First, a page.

To continue avoiding biting, make sure to avoid play fighting or “love bites” so your little one is not confused by your actions. If you want to truly avoid the habit, engaging in playful biting only confuses your child as to what is appropriate. Make clear boundaries concerning biting others with your little one to avoid bad behavior inside or outside your home. Just because your little one is biting during breastfeeding does not mean that it is necessarily time to end nursing; be patient and usually you will be able to resolve this minor issue with attention to your baby’s actions and moods.


Is Breastfeeding Supposed to Hurt? A Look at Common Nursing Issues

Is Breastfeeding Supposed to Hurt? A Look at Common Nursing IssuesWhile discussing breastfeeding with a loved one, trusted friend, or lactation consultant is very helpful for expecting moms, sometimes misinformation can make a pregnant mom-to-be hesitant to try breastfeeding. It’s important to remember that nursing will not be the same experience for every mom, even if it’s your sister or mother describing a particular nipple pain or let down issue.

It’s not uncommon for a new mom to have some pain associated with breastfeeding in the beginning. Not only is body sensitivity heightened after giving birth, but many women report feeling nipple soreness as baby’s first learning to latch. Engorgement can also be the source of breastfeeding pain; in the days following birth, breast milk “comes in” and can cause breasts to feel overly full and uncomfortable. New moms should try and prevent engorgement by nursing frequently and concentrating on letting baby eat fully at every breastfeeding session.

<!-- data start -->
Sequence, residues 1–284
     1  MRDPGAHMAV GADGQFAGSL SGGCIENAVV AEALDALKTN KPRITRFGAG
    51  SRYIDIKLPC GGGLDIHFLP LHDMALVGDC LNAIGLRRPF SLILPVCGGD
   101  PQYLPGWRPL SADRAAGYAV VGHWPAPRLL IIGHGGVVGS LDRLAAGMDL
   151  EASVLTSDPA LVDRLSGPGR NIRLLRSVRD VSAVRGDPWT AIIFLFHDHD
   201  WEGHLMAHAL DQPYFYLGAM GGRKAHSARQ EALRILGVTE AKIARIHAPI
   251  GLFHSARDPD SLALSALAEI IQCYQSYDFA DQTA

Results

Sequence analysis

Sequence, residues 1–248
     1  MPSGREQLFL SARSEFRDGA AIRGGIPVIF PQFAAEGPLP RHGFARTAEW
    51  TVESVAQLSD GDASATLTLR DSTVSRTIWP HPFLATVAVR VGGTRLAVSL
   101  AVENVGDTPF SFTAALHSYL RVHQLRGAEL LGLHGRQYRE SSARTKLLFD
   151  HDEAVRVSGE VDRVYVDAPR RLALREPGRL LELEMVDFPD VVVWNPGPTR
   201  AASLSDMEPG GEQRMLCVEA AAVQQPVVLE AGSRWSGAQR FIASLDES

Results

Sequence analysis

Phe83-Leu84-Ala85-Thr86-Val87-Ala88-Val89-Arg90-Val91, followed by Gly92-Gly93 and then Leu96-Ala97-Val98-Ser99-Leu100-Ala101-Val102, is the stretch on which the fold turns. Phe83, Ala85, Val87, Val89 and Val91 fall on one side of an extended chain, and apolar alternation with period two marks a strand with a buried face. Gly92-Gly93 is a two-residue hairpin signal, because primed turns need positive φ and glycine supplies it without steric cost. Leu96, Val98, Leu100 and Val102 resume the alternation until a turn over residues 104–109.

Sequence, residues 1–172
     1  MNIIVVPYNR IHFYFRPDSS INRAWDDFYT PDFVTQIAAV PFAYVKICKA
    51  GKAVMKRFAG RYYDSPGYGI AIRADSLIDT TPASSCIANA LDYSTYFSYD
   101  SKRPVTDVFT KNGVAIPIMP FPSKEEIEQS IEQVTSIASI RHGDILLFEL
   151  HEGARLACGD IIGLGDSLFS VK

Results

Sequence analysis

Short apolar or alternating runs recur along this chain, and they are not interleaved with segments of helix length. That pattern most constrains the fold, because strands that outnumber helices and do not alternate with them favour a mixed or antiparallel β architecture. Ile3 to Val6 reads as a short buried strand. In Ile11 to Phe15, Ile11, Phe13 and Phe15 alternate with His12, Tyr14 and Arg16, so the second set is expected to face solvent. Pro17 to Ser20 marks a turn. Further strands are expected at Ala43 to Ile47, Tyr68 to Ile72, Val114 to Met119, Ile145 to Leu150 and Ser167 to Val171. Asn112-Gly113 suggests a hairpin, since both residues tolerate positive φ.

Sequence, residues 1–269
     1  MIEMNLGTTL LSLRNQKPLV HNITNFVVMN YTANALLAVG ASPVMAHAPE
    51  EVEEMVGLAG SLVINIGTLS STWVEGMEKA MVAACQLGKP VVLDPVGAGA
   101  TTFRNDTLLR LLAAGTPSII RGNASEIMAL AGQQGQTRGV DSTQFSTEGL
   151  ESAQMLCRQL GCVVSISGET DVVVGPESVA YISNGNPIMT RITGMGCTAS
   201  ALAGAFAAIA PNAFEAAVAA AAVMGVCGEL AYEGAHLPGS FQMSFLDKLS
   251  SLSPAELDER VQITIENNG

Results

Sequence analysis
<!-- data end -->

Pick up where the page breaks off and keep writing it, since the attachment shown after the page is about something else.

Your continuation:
Lingering, burning pain that’s associated with breastfeeding is a sign that a visit to the doctor is in order. Not many moms experience infections or deep, throbbing pain, but any issues should be resolved as quickly as possible so breastfeeding is not disrupted. If you think you’re experiencing engorgement, you might have a low fever, harder than normal breasts, or nipples will flatten out. The best way to treat engorgement is to gently massage breasts and give frequent cool compresses before nursing for at least twenty minutes at a time.

If you feel nervous about breastfeeding, don’t hesitate to talk about your feelings with a lactation consultant or a veteran breastfeeding mom. Sharing experiences helps to build the nursing moms’ community. As long as you can remember that everyone’s breastfeeding journey is not exactly the same, then you will feel prepared to nurse your own little one.